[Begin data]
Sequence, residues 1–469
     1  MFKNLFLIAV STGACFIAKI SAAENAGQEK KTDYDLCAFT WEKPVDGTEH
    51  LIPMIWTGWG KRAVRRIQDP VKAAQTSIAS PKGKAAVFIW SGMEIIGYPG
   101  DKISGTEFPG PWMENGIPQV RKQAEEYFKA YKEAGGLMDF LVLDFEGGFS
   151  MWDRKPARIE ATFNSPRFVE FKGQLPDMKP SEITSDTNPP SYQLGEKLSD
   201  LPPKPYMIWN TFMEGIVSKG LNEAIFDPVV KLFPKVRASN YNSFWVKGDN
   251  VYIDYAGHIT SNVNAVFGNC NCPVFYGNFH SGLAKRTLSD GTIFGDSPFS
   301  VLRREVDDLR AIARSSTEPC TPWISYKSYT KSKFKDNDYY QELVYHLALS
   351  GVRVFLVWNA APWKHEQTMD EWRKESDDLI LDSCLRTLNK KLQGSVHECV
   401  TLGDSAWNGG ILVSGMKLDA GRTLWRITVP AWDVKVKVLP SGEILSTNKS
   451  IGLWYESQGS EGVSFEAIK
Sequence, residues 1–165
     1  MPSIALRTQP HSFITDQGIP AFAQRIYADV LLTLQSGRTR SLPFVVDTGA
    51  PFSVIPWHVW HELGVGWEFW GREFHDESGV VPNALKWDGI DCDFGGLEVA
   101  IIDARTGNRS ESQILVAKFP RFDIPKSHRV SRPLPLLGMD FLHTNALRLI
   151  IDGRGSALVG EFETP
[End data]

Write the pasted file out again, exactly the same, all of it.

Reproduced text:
Sequence, residues 1–469
     1  MFKNLFLIAV STGACFIAKI SAAENAGQEK KTDYDLCAFT WEKPVDGTEH
    51  LIPMIWTGWG KRAVRRIQDP VKAAQTSIAS PKGKAAVFIW SGMEIIGYPG
   101  DKISGTEFPG PWMENGIPQV RKQAEEYFKA YKEAGGLMDF LVLDFEGGFS
   151  MWDRKPARIE ATFNSPRFVE FKGQLPDMKP SEITSDTNPP SYQLGEKLSD
   201  LPPKPYMIWN TFMEGIVSKG LNEAIFDPVV KLFPKVRASN YNSFWVKGDN
   251  VYIDYAGHIT SNVNAVFGNC NCPVFYGNFH SGLAKRTLSD GTIFGDSPFS
   301  VLRREVDDLR AIARSSTEPC TPWISYKSYT KSKFKDNDYY QELVYHLALS
   351  GVRVFLVWNA APWKHEQTMD EWRKESDDLI LDSCLRTLNK KLQGSVHECV
   401  TLGDSAWNGG ILVSGMKLDA GRTLWRITVP AWDVKVKVLP SGEILSTNKS
   451  IGLWYESQGS EGVSFEAIK
Sequence, residues 1–165
     1  MPSIALRTQP HSFITDQGIP AFAQRIYADV LLTLQSGRTR SLPFVVDTGA
    51  PFSVIPWHVW HELGVGWEFW GREFHDESGV VPNALKWDGI DCDFGGLEVA
   101  IIDARTGNRS ESQILVAKFP RFDIPKSHRV SRPLPLLGMD FLHTNALRLI
   151  IDGRGSALVG EFETP